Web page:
Leaders of last year’s Sunflower movement yesterday called on the public to support their demands for direct democracy by taking part in a large rally scheduled for April 10.
The date marks the one-year anniversary of the Sunflower movement’s retreat — when student-led protesters made their exit from the Legislative Yuan’s main chamber, after occupying the building for nearly 23 days in protest against the government’s handling of a proposed cross-strait service trade agreement.
Organizers of the rally — called Power to the People — said the event would highlight their demands to reform the nation’s laws on referendums and recall procedures, which they see as two keystones in ensuring that members of the public have a say in politics.
They emphasized the importance of direct, participatory policymaking as a way to “correct problems inherent in representative politics,” adding that events leading up to the Sunflower movement clearly illustrated the failure of legislators to represent the will of the people.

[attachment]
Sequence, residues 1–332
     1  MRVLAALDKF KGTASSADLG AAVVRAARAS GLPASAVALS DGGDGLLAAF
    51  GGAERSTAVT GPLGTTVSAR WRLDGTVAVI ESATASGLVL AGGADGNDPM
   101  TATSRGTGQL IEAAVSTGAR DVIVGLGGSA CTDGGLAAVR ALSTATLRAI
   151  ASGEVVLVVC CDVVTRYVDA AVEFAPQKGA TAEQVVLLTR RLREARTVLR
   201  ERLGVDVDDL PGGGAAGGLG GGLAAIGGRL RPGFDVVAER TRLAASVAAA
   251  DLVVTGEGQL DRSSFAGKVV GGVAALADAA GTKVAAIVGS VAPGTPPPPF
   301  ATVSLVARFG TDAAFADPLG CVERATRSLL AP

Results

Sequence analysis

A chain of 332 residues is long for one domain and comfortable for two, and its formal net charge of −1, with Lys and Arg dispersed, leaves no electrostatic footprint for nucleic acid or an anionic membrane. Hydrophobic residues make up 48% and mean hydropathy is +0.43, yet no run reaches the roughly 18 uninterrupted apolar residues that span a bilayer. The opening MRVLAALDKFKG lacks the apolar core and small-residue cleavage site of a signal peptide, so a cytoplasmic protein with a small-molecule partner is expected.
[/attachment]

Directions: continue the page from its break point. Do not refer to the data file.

Sunflower movement co-leader and Taiwan March convener Lin Fei-fan (林飛帆) told a news conference in Taipei that the rally would be a continuation of the ideals expressed during the Sunflower movement.
“Following our retreat last year, many people questioned whether it was the end of the Sunflower movement. However, over the past year, we have seen the hard work and effort put into demands for direct democracy,” Lin said.
Critics of the Referendum Act (公民投票法) have long argued that the act’s turnout threshold of 50 percent for a referendum to be declared valid is largely unattainable.
The petition threshold for recall referendums — which requires the signatures of 13 percent of eligible voters in a given constituency within 30 days — has also been described as “ridiculously high” in comparison with most other countries.
Appendectomy Project spokesperson Mr Lin From Taipei (台北林先生) said that the public should be able to exercise their constitutional rights in recalling inept politicians, adding that recall efforts should be considered to be just as important as elections.
“Although the right to recall politicians was written into our constitution more than 70 years ago, we have never successfully recalled any government official,” Lin said.
On March 18, the organizers are set to hold a smaller parade around the Legislative Yuan compound, coinciding with the day when protesters first swarmed the legislature’s main chamber last year.